With methodical precision, the documentary 3 1/2 Minutes, Ten Bullets dissects a brief, pivotal moment in time, when one life is lost and others are irretrievably altered. The facts of this particular story may ring wrenchingly familiar: In 2012, on the day after Thanksgiving in Jacksonville, Florida, an African American teenager named Jordan Davis got into a verbal altercation with a middle-aged white man at a gas station over the volume of rap music playing in the car the adolescent and his friends were sitting in. The older man, Michael Dunn, reached into his glove compartment and pulled out a gun, shooting the 17-year-old Davis to death and pumping 10 bullets into the red SUV before the boy’s frantic friends were able to drive out of the parking lot.
Because the encounter occurred in Florida, Dunn was able to use the state’s “stand your ground” law for his defense, the same statute that George Zimmerman invoked when he shot Trayvon Martin earlier that year. With 3 1/2 Minutes, Ten Bullets, filmmaker Marc Silver meticulously revisits the events of that fateful Black Friday, as well as the two ensuing trials, giving viewers a sober, step-by-step perspective on the crime, as well as its aftermath. There’s no doubt that Silver is firmly of the belief that Dunn was guilty of murder. He goes out of his way to interview Davis’s distraught but galvanized parents, Ron Davis and Lucia McBath, whereas Dunn’s point of view is represented primarily by his own courtroom testimony and self-pitying calls from prison to his fiancee, Rhonda Rouer. At one point, Dunn compares himself to a “raped girl who’s blamed for wearing skimpy clothes.”
But having such a clear-cut point-of-view bias in no way hinders 3 1/2 Minutes, Ten Bullets from having an impact. Silver matter-of-factly lays out the reasoning behind Dunn’s actions — actions rooted in conscious and unconscious assumptions about rap music, black teenagers, guns and gangs — and the wobbly proposition underlying the stand-your-ground philosophy, which privileges perceived threats above actual danger, and does away with such established notions of civility as the duty to de-escalate and retreat.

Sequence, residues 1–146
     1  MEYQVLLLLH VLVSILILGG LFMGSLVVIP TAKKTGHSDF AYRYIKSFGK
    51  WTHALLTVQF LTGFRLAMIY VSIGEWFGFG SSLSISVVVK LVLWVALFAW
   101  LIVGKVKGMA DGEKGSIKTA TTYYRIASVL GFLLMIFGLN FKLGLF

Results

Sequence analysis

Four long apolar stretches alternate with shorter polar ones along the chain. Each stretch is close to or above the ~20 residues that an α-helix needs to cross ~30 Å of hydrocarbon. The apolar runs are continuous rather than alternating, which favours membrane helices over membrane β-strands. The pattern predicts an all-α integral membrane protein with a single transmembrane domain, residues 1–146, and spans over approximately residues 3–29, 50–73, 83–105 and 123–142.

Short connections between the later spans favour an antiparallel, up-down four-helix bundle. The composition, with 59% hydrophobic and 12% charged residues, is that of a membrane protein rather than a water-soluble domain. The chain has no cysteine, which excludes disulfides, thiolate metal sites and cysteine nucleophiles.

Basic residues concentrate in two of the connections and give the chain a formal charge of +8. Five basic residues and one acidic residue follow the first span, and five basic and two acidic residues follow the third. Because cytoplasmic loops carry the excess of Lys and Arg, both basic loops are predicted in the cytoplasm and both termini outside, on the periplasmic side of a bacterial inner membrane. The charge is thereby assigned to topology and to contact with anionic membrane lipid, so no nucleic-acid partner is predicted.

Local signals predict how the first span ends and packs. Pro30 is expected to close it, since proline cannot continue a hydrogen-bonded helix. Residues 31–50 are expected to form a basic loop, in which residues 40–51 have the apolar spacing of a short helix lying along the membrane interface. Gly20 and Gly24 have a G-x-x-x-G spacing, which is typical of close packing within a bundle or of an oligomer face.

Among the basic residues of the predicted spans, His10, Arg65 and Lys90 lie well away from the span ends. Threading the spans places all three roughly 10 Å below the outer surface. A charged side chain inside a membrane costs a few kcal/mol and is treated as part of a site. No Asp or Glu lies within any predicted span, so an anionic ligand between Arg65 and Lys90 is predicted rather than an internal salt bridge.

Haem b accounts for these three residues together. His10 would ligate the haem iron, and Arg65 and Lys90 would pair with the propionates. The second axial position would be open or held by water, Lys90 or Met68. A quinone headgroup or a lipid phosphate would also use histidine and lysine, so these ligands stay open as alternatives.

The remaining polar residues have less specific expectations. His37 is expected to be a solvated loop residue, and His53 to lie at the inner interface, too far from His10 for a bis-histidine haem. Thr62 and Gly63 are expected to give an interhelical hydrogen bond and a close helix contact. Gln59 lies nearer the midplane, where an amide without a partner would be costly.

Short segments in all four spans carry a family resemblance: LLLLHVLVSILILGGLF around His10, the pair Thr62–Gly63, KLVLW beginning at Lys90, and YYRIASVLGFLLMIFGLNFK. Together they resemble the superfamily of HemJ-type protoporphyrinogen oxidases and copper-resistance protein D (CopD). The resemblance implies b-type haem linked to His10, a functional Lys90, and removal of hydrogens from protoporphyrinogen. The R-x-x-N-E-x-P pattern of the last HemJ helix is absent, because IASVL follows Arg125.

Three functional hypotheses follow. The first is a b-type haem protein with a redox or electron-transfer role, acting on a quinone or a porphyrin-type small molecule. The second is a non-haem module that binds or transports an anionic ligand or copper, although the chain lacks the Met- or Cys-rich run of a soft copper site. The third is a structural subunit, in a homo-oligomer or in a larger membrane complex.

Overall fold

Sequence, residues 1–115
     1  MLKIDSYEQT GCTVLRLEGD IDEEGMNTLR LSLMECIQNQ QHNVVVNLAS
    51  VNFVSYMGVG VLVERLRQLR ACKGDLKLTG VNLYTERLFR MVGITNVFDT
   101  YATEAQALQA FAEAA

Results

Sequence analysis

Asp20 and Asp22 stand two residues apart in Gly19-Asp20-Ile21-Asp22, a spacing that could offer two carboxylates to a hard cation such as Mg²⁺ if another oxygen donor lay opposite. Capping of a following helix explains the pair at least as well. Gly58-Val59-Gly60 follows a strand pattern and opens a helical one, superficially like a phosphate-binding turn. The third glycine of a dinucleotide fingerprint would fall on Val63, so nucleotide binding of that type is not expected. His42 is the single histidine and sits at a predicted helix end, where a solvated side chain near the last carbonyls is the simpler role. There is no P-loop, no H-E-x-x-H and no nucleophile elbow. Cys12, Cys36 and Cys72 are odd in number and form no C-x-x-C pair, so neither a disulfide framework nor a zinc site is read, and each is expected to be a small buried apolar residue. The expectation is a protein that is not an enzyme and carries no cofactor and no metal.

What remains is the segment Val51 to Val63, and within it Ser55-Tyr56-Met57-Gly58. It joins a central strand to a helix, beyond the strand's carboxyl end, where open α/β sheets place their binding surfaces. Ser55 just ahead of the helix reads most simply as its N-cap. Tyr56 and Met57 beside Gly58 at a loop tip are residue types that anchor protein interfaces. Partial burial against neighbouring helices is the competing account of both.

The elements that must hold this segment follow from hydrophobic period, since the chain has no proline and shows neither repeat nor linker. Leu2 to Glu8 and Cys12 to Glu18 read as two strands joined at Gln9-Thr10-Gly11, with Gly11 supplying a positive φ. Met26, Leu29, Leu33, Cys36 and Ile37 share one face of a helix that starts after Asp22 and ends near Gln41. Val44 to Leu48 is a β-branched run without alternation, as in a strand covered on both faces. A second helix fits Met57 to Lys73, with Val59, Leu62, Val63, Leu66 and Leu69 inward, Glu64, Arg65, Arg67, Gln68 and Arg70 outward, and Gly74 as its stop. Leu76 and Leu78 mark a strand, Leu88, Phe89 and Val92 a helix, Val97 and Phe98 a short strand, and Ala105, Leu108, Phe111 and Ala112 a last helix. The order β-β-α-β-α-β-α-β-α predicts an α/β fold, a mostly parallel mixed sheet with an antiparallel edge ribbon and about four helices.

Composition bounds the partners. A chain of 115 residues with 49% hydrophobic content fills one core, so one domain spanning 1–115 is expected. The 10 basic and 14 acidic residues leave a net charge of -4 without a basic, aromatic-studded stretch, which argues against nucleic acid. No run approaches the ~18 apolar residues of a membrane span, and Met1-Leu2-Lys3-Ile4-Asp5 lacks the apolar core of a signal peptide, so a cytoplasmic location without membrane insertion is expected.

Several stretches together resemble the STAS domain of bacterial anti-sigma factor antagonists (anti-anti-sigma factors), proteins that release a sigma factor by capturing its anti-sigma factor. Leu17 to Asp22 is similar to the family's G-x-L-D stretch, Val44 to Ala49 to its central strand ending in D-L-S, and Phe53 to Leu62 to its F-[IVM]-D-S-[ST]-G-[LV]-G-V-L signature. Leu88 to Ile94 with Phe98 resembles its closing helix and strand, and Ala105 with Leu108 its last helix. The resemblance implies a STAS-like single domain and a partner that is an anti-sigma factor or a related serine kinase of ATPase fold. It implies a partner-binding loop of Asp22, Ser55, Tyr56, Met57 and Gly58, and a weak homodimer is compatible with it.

Oddly, the extensive testimony from two trials, including an initial mistrial, never suggests that Dunn’s having imbibed three or four rum-and-cokes before arriving at the gas station might have impaired his ability to make a reasonable judgment regarding Davis’s actions. And even those who followed the trial closely may be surprised by the testimony that ultimated sealed Dunn’s fate.
A deep core of emotion gives 3 1/2 Minutes, Ten Bullets its ballast, but Silver, who also serves as cinematographer, infuses the production with simple, elegant sophistication. Todd Boekelheide’s jazz-infused score heightens the feeling that you’re not watching a documentary as much as a taut, true-life contemporary thriller. The fact that many in the audience may know how this mystery ends does nothing to lessen the tension, or the feeling of thudding, impotent grief, when the final verdict is delivered.
Writer-director: Marc Silver.
A Participant Media release. Running time: 85 minutes. Vulgar language, disturbing imagery. In Miami-Dade only: Cosford Cinema.